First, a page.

While playing off the recent conversation on The Comeback on Twitter with some others on Twitter, I gathered a few collective thoughts and shared them in one Twitter post to recap where the discussion had gone. I will admit it comes off looking much more nitpicky and narrative-esque than I intended. In it, I looked at the results of some head coaches in their third years at their current jobs so we can get a sense of what Harbaugh may be up against as far as his job performance is concerned.

Fortunately for me, the president tweeted a video meme of him knocking down CNN so it got people off my back for a little bit.

Of course, we are comparing gala apples to red delicious apples here. For starters, building a foundation at Stanford in no way should be comparable to what any of the other coaches happened to do at their current jobs. The intro comes off misleading because it looks as though I am completely ignoring the previous head coaching stints of Nick Saban, Urban Meyer, and James Franklin while including Harbaugh’s first FBS job. That was not the intention at all. But I would suggest that taking over as the head coach of a program like Michigan is on par with Saban taking over at Alabama at the time Saban was hired by the Crimson Tide. Alabama wasn’t the Alabama they are today before Saban took the job, and in his third year he managed to win a national title.

Ohio State was a well-oiled machine before Meyer took over as head coach (it just needed a one-year service check-up under Luke Fickell after Jim Tressel was removed), but he won a national title in his third year on the job and went undefeated in his first (and probably would have beaten Notre Dame in the BCS Championship Game if not for a postseason ban). At Clemson, Dabo Swinney turned Clemson in the right direction and stunned Virginia Tech for the ACC Championship in his third season in charge. (nevermind what happened in the Orange Bowl after that).

And yes, Harbaugh is 2-0 against Franklin and smacked Penn State all around Ann Arbor last season, but Penn State was the one hoisting the Big Ten championship trophy at the end of the season thanks in part to wins against two teams Michigan lost to in November. Penn State also got on a fast track with a rebuidling roster that was inherited in worst shape than Harbaugh took over at Michigan.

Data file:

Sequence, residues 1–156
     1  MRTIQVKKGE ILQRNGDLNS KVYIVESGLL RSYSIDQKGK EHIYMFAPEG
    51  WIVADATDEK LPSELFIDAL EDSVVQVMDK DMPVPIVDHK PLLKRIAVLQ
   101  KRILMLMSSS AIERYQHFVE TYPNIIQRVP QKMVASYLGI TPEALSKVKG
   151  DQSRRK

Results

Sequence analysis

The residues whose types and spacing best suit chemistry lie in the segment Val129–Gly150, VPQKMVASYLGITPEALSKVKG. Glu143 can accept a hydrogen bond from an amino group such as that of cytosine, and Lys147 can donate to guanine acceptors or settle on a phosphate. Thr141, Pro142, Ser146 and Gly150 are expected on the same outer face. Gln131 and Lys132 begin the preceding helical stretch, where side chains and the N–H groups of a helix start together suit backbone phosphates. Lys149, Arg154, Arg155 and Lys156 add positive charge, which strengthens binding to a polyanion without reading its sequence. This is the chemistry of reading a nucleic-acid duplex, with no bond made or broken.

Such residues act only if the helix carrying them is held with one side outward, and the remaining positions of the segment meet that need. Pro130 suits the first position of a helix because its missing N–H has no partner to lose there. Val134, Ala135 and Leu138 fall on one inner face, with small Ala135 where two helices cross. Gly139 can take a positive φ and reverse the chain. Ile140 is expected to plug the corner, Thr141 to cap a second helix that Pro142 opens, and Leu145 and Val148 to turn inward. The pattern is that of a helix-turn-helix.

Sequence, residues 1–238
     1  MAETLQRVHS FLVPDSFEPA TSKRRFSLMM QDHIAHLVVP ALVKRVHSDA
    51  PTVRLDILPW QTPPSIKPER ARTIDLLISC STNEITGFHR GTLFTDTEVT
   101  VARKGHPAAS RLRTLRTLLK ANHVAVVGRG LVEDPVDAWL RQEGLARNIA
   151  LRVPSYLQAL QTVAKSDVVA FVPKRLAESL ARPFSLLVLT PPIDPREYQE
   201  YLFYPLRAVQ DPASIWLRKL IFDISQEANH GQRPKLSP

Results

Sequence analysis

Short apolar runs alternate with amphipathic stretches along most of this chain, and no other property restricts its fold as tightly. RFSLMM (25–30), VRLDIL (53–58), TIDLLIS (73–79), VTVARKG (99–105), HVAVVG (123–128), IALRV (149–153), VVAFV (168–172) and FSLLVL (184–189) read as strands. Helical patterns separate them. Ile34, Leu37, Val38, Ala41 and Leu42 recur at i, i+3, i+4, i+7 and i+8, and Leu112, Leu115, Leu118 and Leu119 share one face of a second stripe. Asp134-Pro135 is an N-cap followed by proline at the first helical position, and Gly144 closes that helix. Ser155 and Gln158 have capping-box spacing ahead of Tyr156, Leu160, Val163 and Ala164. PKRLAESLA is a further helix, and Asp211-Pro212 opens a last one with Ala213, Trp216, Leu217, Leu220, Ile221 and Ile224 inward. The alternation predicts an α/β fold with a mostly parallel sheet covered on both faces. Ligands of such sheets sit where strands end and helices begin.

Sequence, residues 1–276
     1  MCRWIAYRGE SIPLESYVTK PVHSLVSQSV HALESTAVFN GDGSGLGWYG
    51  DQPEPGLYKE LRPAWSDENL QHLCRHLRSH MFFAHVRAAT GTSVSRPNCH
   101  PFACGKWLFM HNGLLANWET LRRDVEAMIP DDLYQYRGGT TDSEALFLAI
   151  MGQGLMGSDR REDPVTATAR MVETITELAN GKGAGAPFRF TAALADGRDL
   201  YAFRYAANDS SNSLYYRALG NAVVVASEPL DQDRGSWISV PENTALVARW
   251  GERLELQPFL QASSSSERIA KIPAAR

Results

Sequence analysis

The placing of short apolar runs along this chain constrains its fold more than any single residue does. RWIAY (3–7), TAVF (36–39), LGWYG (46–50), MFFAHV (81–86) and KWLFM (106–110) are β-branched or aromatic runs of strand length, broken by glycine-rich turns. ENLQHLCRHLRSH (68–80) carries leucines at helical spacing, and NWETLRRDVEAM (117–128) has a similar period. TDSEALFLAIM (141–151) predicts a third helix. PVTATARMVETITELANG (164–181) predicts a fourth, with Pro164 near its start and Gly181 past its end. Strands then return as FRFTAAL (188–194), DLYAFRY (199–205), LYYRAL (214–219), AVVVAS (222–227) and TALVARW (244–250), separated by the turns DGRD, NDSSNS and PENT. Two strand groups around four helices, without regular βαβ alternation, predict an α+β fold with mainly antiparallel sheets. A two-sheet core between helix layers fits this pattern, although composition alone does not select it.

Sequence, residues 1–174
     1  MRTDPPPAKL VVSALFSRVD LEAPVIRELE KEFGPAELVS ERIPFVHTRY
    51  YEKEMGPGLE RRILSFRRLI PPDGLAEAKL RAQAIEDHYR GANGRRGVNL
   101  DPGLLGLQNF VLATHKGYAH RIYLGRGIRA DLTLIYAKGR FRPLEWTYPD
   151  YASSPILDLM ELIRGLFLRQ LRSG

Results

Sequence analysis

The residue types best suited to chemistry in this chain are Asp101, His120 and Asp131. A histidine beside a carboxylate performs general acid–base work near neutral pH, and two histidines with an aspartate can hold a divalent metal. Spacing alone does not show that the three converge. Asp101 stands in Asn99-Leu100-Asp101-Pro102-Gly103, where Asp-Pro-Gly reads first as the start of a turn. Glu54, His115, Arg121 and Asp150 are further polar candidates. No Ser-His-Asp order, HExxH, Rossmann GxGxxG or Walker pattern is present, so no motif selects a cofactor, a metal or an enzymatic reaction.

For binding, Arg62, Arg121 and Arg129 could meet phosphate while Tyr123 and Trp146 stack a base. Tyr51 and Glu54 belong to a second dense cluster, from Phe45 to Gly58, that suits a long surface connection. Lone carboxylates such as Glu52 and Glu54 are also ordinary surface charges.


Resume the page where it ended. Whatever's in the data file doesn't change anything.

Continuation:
Considering all that is being invested in Michigan football between the coaching contracts, a spring practice trip in Florida, an overseas trip to Italy (and more to come?), and so on, should Michigan fans begin putting more pressure on Harbaugh to deliver a Big Ten championship, if not a national championship? Absolutely, if he doesn’t do it this year.

Harbaugh entering Year 3 as Michigan’s head coach will do so starting the year with a younger roster in need of experience. Ohio State is a better team. Playing at Penn State in a revenge game could be difficult. Playing Florida in the opener should be a challenge. Michigan may not really have a shot at winning the Big Ten in 2017, and most will give Harbaugh a pass for that. That’s fair, but the pressure for winning big in 2018 will be high. By then, the entire program will have been modeled and developed by Harbaugh and his staff. The excuses will be gone, just as they expired for Brady Hoke taking over for Rich Rodriguez and Brian Kelly taking over after Charlie Weis at Notre Dame.

Harbaugh is not going to be thrown on any hot seats so long as the donors keep supporting Michigan and the Wolverines remain relevant. But if Harbaugh does not deliver a national championship in the next 24 months, the story could begin spinning a different direction.

Jim Harbaugh says Friday night is for high school football

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Beginning this season, the Big Ten will begin playing some college football game son Friday nights. The decision has widely been criticized across the footprint of the Big Ten, and now one of the most visible faces of the Big Ten is making his case against Friday night football. Michigan head coach Jim Harbaugh took a hard stance against the new scheduling effort during a radio interview on Monday.

I am not for it at all,” Harbaugh said today on the Rich Eisen radio show. “Friday night is for high school football.”

Michigan was not scheduled to play a Friday night game this season, but Harbaugh still was free to weigh in on the conference model because it would impact the Wolverines at some point in the future. Harbaugh said Friday night football could gain momentum in the future, but he will not back down from voicing his opposition to the idea.